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D.C. Voters Toss Mayor Gray in Primary, Raising Questions About Schools

Yesterday's Democratic primary for mayor in Washington not only denies a second term to Mayor Vincent Gray, it also raises major questions about what will become of the city's school system.

City Councilor Muriel Bowser defeated Gray at the city's polls (where turnout was dismally low) just three weeks after the mayor was accused by federal prosecutors of knowing about an illegal fundraising scheme that helped propel him into office in 2010 over then-incumbent Adrian Fenty.

That Gray is out and Bowser will now be the Democratic candidate to face off in the general election against fellow councilmember David Catania, an independent, leaves a lot of uncertainty around the future direction of the 46,000-student school system and its chancellor, Kaya Henderson.

Henderson, whom Gray tapped as his schools chief after he was elected in 2010, had been the deputy superintendent under Michelle Rhee, the divisive leader appointed to run the school system when it was first taken over by then-Mayor Fenty. Since becoming schools chief, she has continued with many of the efforts Rhee launched, including a controversial  teacher-evaluation system, IMPACT. The system consists of multiple classroom observations and a test-score-based measure of student progress, and has led to the dismissal of several hundred teachers. It has also paid out bonuses for the teachers deemed most effective. Because the system is entirely controlled by the district—it's not negotiated with the city's teachers' union—its continuation hinges on who is sitting in the chancellor's office.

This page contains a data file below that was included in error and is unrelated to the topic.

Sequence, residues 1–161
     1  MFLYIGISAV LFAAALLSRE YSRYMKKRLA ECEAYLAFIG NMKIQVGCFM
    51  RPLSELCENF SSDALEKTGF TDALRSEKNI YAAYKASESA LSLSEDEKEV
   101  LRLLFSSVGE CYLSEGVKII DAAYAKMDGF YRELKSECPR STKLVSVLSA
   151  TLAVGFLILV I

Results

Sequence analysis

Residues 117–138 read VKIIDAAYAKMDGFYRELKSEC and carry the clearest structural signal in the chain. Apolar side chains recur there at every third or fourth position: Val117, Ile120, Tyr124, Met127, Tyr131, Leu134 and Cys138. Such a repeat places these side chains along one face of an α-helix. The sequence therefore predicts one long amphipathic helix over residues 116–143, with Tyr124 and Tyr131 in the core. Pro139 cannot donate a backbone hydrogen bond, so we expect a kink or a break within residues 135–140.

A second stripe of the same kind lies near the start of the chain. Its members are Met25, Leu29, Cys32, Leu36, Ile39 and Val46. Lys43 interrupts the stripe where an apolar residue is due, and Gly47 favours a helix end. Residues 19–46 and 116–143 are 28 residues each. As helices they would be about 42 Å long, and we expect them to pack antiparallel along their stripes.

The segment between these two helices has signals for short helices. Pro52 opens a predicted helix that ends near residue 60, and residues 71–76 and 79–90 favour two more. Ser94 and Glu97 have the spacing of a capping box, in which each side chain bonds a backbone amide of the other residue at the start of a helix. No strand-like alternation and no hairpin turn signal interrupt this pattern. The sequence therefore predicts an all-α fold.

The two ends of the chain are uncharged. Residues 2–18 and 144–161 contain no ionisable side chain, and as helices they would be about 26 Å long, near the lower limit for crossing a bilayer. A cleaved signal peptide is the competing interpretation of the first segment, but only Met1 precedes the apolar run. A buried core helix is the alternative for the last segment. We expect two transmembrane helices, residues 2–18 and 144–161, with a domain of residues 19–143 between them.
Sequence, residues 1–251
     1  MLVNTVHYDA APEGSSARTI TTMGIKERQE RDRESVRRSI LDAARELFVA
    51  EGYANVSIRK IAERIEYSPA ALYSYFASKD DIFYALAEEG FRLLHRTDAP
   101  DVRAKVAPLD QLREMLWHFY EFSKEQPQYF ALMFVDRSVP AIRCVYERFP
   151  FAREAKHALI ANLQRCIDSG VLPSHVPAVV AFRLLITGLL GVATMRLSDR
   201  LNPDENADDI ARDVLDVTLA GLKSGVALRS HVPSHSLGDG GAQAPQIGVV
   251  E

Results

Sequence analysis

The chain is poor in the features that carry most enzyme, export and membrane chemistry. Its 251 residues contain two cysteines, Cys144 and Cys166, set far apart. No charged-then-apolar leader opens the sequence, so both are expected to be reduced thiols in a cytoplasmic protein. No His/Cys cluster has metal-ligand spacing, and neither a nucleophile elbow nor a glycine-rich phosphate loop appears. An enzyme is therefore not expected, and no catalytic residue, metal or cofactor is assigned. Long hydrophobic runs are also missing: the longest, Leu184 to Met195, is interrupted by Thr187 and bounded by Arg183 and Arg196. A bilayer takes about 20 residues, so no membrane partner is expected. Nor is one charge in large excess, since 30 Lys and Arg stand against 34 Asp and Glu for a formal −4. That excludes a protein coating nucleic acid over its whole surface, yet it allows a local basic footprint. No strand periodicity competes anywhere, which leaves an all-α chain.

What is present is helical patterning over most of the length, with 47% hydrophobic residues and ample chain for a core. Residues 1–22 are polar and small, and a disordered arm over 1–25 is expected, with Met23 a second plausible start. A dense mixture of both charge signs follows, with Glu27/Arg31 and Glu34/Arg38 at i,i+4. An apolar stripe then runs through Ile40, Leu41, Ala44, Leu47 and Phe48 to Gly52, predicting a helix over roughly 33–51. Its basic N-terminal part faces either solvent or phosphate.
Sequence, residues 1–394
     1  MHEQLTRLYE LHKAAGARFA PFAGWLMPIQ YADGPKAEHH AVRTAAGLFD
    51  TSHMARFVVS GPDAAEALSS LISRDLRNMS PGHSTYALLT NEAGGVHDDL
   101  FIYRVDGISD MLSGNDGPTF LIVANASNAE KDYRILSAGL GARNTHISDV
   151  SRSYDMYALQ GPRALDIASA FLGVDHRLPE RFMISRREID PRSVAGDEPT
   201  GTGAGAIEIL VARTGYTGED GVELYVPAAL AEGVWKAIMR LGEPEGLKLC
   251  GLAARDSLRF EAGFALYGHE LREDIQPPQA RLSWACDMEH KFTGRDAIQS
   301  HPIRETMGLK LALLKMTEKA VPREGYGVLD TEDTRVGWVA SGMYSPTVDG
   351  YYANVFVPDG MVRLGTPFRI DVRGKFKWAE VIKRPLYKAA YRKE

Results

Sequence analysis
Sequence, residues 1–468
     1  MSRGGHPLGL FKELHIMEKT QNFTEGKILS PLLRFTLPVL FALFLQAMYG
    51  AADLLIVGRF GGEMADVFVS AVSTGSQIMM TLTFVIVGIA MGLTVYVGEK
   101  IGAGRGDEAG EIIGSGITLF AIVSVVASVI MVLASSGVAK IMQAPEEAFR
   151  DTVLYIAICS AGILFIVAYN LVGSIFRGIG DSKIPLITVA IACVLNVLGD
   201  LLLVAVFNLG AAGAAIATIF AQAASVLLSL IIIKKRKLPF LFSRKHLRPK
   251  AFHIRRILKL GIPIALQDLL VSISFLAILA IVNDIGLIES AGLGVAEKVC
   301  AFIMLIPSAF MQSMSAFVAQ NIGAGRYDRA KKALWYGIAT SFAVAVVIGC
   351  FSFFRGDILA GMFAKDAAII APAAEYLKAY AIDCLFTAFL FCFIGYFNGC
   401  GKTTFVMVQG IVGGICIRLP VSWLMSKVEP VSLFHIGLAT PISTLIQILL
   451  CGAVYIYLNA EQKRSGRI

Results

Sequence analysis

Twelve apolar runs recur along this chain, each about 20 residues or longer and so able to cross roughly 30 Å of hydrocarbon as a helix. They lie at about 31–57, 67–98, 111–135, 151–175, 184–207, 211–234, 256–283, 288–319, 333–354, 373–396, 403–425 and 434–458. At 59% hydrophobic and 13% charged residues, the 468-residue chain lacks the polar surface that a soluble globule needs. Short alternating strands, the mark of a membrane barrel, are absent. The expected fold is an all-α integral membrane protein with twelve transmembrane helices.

And whether Henderson will still be chancellor at the end of the year is a big question.

Bowser, throughout the primary campaign, was steadfastly noncommittal about whether she would keep Henderson at the helm if she wins the election. And Catania, who chairs the council's education committee, has frequently criticized Henderson over a number of issues.

I'd expect the future of the schools to become a much more prominent issue in the general election than it was in the primary.

Assistant Editor Stephen Sawchuk contributed to this report.


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